Named “Gaia,” this gate was commissioned by Linda Haddock and John Sone for Echo. Artist Deborah Mersky wove the couple’s handprints into the work. Photo courtesy of Echo in Blanco.

If you’ve driven through Johnson City on US 290 in recent weeks, you may have noticed a change at the corner of Main and Nugent streets. Echo, the whimsical Johnson City art gallery and purveyor of midcentury modern furnishings, is no longer there, having relocated to Blanco.

Since 2016, Echo thrived in the historic Cox Brothers Ford building. But last year, Linda Haddock, co-owner of Echo and former owner of the building, sold the property to Gordon Massie, a motorcycle enthusiast from the Woodlands. Now the 1930s art deco building that originally opened as a Ford dealership specializing in Model A’s is returning to its vehicular roots: The 6,500-square-foot space is the future home of the Texas Vintage Motorcycle Museum, scheduled to open this spring.

In its six years on this corner, Echo Gallery became a fixture in the community and a regular pitstop for travelers along 290. But Haddock, who co-runs the establishment with her business partner and husband, John Sone, sees the relocation to Blanco as an opportunity to spotlight Blanco’s art world.

“One of our goals is to help drive Blanco’s emerging art scene,” Haddock says. “It’s such a beautiful town. People don’t know this, but it is home to some amazing but under-the-radar artists and musicians. Blanco is on the edge of having a very strong arts community.”

Haddock says that although she now considers herself in semi-retirement, Echo remains her art form. “I’m the curator, and this is my large-scale fluid art installation with art and furnishings always coming in and out. I have strange, quirky tastes, and have always loved midcentury modern design.”

Haddock also has an eye for local talent. The reopening party scheduled for Feb. 24 will showcase the bright, intuitive work of Texas painter Wilma Schindeler.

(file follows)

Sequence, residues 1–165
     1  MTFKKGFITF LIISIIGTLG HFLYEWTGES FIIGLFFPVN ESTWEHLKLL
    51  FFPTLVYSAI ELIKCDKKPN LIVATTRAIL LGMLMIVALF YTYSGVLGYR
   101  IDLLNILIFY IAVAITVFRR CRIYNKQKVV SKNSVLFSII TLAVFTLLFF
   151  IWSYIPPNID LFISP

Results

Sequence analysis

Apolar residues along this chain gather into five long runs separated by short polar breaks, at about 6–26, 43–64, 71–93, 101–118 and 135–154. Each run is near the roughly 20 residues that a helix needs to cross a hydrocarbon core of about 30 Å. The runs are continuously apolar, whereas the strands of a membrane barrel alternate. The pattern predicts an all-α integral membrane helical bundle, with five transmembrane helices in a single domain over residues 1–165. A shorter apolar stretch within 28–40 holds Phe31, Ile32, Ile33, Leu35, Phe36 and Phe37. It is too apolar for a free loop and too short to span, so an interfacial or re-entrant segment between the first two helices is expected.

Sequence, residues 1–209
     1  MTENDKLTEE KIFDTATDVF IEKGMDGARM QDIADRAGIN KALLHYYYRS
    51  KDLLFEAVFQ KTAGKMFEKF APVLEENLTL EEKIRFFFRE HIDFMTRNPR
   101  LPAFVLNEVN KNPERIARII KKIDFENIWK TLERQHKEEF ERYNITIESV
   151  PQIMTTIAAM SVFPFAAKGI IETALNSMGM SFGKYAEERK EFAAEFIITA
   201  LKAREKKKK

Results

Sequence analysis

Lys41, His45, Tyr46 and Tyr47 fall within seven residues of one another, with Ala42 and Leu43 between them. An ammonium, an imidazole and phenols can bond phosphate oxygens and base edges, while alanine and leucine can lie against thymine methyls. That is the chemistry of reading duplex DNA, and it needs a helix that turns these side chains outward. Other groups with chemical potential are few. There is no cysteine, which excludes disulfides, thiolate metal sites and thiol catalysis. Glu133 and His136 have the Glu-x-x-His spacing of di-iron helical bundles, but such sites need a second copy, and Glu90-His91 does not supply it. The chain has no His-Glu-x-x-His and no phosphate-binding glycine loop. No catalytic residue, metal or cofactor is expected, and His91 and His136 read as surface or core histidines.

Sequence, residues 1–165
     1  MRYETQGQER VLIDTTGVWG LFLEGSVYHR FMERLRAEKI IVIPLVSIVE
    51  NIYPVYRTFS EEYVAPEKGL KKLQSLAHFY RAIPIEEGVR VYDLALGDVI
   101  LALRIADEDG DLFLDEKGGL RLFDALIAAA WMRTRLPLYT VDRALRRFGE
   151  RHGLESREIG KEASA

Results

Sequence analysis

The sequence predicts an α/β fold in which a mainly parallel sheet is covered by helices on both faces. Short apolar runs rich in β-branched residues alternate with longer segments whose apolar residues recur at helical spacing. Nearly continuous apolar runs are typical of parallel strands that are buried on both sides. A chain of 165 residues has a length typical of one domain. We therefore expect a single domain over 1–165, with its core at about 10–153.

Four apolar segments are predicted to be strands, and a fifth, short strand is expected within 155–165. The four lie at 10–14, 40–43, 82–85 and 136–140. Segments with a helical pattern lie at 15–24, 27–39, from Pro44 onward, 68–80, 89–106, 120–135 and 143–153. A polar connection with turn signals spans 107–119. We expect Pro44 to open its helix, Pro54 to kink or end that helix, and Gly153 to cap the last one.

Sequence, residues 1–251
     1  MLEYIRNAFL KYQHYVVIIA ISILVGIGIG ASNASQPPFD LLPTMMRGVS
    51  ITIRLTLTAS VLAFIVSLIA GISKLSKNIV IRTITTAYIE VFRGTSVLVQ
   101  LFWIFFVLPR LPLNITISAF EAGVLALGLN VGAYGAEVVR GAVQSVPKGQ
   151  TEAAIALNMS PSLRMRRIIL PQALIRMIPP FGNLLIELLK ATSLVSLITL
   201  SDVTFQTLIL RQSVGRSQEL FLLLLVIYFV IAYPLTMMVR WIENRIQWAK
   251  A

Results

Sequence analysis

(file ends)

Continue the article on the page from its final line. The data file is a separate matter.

The midcentury style ranch house and adjacent tin barn that will be Echo’s new home provides a fresh canvas for Haddock and Some. They will host Nuit Blanche, or White Night, a stay-open-late gallery night on third Thursdays. They will also now have space to highlight an enlarged photo that Haddock took in the 1970s of the artist Alexander Calder as he painted the exterior of a DC-8 jet for Braniff, the high style airline where Haddock worked as a flight attendant before it closed in 1982. The mannequins posing around Echo decked out in funky ’70s garb are wearing Haddock’s Emilio Pucci-designed Braniff uniforms.

Echo Blanco will see the return of the scavenger hunt, a kid-friendly diversion that Haddock created to keep youngsters busy while parents browse Echo’s eclectic merchandise. “We welcome kids,” says Haddock, who worked as a children’s behavior specialist after her time at Braniff. “I get down and look them in the eye and let them know my two rules. You can touch everything with your eyes, and then you have to tell us your favorite thing before you leave.”

Meanwhile, back in Johnson City, Gordon Massie is preparing the Ford building to show off a different form of eye candy: motorcycles from the ’50s, ’60s, and ’70s. Massie, who’s retired from a career in finance, has been a collector since he owned his first motorcycle at the age of 12. He plans to put 67 of his bikes on display at the museum. As a gesture to the building’s history, he is installing antique gas pumps in front of the museum and will highlight the hydraulic lift once used for the Model A’s sold there.

Massie also plans on opening up pedestrian space around the museum to make it an easy draw for visitors walking from Johnson City’s breweries and restaurants. With the Hill Country being biker country, the project will include a bike-centric shop and an event space decked out with billiards, lawn games, and a big screen TV for showing motorcycle clips, and maybe even a screening of Easy Rider.

“It’s a novel space and an interesting building, and it’s close to the town’s park,” says Massie, who will charge a $5 admission fee to the museum. “Johnson City is unique in the Hill Country in that it has not had the rapid growth of some other towns. It’s a throwback to 50 years ago, and I want to try to preserve that.”

Echo in Blanco: 1725 US 281 South, Blanco;

Vintage Motorcycle Museum: 100 N. Nugent Ave., Johnson City;

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